3 Constrained Nonconvex Model
We consider a robust model that has explicit constraints on the Tucker rank of the tensor to be recovered. Specifically, we solve the (nonconvex) optimization problem
\hb@xt@.01(3.1) 
The global optimal solution to problem (LABEL:eq:horpcancx) is generally NPhard to find. Here, we develop an efficient algorithm based on ADAL that has the same periteration complexity as Algorithm LABEL:alg:adalhorpca and finds a reasonably good solution.
3.1 Algorithm
Applying the variablesplitting technique that we used for the Singleton model, we reformulate problem (LABEL:eq:horpcancx) as
\hb@xt@.01(3.2) 
where ’s are auxiliary variables. Although this is a nonconvex problem, applying ADAL still generates welldefined subproblems which have closedform global optimal solutions.
The augmented Lagrangian for problem (LABEL:eq:horpcancxsplit), dualizing only the consistency constraints, is equivalent to (up to some constants) , where . For , the augmented Lagrangian subproblem associated with is
\hb@xt@.01(3.3) 
We can interpret this problem as finding the Euclidean projection of onto the set of matrices whose ranks are at most . The global optimal solution is given by
Theorem 3.1
(EckartYoung [13]) For any positive integer , where is an arbitrary matrix, the best rank approximation of , i.e. the global optimal solution to the problem is given by , where is a diagonal matrix consisting of the largest diagonal entries of , given the SVD of .
Hence, we obtain the global minimizer of problem (LABEL:eq:horpcancxXsubprob) by the truncated SVD of , , which can be computed efficiently if is small relative to rank().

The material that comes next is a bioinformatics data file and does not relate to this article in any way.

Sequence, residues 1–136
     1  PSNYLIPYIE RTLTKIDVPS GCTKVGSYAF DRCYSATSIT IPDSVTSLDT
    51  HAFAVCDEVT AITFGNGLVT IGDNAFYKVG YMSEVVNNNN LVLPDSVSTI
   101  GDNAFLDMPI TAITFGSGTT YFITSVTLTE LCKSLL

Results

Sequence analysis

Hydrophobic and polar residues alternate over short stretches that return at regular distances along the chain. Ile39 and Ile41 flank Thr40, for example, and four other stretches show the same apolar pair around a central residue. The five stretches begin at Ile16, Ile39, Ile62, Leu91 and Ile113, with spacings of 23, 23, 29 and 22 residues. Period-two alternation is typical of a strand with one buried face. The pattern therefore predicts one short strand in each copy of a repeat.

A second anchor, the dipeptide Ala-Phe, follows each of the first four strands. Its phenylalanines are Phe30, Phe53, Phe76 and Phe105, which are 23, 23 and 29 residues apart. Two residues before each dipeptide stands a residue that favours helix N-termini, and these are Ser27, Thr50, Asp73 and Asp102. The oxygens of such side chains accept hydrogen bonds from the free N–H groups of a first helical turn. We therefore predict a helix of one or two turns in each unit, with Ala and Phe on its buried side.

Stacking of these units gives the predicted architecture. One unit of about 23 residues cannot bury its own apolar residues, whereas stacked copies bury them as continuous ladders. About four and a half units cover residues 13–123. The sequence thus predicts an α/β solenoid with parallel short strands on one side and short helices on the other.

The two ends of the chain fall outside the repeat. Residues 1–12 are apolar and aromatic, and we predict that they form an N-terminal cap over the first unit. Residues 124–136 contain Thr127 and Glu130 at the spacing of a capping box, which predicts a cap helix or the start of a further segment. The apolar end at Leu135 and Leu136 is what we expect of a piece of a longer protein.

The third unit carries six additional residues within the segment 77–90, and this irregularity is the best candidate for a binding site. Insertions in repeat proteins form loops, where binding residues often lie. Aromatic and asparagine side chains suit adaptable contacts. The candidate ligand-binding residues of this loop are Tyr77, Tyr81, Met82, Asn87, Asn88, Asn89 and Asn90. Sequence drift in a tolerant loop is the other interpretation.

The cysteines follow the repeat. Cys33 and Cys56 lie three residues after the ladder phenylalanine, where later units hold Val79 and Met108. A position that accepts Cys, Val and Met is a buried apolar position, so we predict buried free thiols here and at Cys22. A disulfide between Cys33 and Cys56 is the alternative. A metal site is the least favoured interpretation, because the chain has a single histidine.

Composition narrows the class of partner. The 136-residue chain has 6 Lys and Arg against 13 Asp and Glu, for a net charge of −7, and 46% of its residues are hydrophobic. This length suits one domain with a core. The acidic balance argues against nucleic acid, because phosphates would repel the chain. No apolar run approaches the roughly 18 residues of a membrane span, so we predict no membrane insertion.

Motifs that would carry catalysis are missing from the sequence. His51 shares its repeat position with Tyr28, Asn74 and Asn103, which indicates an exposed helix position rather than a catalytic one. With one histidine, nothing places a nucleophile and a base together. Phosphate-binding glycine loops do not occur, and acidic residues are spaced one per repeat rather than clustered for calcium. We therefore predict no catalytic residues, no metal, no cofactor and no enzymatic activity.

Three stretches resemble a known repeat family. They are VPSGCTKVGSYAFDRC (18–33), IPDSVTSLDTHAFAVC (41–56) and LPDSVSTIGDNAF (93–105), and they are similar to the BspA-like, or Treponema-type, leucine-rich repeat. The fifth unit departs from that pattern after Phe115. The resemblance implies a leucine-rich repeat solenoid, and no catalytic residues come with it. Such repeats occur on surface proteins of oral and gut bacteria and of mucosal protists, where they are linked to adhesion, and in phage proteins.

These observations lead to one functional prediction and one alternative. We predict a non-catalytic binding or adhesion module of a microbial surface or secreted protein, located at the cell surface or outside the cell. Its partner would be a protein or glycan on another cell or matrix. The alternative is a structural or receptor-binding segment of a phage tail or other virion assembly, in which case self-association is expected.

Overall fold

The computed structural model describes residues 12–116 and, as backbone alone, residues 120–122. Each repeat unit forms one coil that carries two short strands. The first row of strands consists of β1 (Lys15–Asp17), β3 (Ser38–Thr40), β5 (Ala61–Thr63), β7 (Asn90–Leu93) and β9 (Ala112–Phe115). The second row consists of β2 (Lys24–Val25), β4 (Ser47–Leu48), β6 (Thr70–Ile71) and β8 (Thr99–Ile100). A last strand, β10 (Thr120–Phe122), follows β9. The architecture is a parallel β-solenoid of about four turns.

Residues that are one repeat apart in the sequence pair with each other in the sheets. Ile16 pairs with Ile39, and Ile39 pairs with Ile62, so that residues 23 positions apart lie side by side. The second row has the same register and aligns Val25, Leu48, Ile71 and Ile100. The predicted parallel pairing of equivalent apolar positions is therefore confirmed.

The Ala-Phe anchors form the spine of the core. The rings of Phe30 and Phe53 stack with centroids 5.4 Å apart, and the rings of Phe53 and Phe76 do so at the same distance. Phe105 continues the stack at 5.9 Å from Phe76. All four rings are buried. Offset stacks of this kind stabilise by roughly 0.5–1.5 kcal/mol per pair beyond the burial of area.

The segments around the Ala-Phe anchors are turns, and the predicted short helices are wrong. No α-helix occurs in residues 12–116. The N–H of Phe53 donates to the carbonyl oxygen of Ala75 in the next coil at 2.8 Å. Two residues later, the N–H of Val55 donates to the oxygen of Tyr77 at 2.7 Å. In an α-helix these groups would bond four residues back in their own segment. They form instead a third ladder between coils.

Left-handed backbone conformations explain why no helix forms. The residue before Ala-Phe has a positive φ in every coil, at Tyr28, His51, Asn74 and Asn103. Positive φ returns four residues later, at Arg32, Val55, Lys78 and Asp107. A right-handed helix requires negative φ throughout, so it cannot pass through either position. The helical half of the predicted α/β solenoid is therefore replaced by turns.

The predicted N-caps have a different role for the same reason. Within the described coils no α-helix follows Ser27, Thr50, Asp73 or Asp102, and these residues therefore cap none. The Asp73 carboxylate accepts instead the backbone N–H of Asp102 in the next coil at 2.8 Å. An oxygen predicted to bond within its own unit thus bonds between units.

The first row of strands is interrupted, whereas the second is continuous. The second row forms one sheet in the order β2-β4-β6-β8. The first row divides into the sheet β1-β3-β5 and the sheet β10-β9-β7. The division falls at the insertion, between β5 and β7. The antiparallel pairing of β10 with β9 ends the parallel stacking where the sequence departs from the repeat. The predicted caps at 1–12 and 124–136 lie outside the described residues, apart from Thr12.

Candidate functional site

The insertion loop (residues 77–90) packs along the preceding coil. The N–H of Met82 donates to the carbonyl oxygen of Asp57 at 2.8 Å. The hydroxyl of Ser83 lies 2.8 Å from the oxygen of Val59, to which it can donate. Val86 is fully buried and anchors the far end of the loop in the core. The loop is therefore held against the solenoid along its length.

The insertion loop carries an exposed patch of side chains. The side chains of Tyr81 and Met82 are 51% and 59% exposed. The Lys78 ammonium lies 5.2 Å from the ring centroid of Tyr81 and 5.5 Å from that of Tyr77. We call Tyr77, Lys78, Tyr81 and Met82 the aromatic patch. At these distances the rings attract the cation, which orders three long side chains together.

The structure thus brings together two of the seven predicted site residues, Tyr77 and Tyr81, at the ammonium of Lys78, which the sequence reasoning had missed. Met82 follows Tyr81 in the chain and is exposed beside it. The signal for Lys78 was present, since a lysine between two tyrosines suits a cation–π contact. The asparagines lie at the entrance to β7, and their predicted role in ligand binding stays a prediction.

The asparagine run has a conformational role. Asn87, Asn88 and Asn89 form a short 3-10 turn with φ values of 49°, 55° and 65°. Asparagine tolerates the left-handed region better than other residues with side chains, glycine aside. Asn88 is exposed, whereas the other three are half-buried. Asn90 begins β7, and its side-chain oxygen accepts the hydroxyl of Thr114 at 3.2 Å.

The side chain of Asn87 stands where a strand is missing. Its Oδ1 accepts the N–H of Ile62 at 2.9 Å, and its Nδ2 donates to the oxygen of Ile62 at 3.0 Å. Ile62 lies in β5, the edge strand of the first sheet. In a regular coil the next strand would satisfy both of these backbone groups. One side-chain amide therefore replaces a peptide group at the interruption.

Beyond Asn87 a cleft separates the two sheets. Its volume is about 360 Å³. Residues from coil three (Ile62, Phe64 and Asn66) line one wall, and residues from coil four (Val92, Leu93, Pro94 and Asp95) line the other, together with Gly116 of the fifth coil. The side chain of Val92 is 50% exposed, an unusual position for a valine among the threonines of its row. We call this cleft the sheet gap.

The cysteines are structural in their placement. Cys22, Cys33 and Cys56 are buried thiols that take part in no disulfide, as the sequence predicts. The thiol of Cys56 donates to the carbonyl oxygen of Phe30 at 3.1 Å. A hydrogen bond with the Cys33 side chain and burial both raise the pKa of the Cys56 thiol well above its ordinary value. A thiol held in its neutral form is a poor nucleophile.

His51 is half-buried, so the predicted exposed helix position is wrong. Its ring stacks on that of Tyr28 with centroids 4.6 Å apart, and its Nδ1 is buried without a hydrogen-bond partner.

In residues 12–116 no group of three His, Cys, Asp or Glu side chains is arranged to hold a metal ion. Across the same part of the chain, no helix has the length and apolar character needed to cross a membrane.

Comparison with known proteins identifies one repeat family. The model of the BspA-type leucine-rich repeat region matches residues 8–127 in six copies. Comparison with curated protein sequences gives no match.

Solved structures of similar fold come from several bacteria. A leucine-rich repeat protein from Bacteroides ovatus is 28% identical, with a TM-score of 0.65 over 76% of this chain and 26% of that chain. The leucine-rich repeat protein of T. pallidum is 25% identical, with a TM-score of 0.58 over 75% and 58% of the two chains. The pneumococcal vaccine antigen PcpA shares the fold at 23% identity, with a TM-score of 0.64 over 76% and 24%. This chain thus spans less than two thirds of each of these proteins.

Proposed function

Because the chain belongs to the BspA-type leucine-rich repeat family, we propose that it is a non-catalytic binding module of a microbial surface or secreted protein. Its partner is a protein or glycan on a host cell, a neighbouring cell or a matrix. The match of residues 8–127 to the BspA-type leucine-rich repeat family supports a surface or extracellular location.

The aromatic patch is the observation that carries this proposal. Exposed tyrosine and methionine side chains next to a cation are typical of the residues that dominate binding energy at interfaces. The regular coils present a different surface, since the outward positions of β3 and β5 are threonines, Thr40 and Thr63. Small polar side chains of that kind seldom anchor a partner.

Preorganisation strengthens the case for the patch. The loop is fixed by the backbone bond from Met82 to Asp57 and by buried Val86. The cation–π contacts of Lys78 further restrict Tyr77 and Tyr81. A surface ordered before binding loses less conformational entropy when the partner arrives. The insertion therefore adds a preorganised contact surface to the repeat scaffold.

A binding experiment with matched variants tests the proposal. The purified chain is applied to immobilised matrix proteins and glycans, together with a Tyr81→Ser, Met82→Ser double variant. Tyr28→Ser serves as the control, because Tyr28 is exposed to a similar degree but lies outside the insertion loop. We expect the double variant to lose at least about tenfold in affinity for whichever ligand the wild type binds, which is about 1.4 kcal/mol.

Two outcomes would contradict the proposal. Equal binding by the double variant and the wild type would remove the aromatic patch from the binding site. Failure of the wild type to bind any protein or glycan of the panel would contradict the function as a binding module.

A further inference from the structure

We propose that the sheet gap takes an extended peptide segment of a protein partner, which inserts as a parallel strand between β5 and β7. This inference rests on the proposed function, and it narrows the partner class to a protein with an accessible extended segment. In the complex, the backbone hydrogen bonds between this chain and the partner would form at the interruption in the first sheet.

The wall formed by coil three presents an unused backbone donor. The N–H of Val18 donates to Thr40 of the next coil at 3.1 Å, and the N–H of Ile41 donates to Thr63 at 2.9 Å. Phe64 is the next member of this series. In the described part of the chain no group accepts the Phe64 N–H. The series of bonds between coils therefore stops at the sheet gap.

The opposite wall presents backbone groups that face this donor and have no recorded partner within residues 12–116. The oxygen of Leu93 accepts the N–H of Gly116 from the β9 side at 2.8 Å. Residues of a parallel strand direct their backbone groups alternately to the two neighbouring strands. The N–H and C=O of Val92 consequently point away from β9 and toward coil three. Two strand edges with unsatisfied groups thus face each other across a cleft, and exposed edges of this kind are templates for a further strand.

The augmented Lagrangian subproblem associated with has the same form as it has for the Singleton model. By Proposition LABEL:prop:horpcaEsubsol, we obtain the solution by . Now, we summarize the main steps in Algorithm LABEL:alg:horpcancx (HoRPCAC). For the extension to the partial data case, we can apply variablesplitting as in (LABEL:eq:horpcatcsplit) to derive a similar ADAL algorithm.
3.2 Convergence Analysis
As we mentioned before, ADAL algorithms applied to a convex optimization problem that alternately minimizes two blocks of variables enjoy global convergence results. Since problem (LABEL:eq:horpcancx) is nonconvex, the existing convergence results no longer apply. Here, we give a weak convergence result, that guarantees that whenever the iterates of Algorithm LABEL:alg:horpcancx converge, they converge to a KKT point of problem (LABEL:eq:horpcancx). Although we do not have a proof for the convergence of the iterates, our experiments show strong indication of convergence. To derive the KKT conditions, we first rewrite problem (LABEL:eq:horpcancx) as
\hb@xt@.01(3.4) 
where ’s and ’s are matrices of appropriate dimensions with columns and rows respectively. Let be the Lagrange multipliers associated with the constraints. The KKT conditions for problem (LABEL:eq:horpcancxfactor) are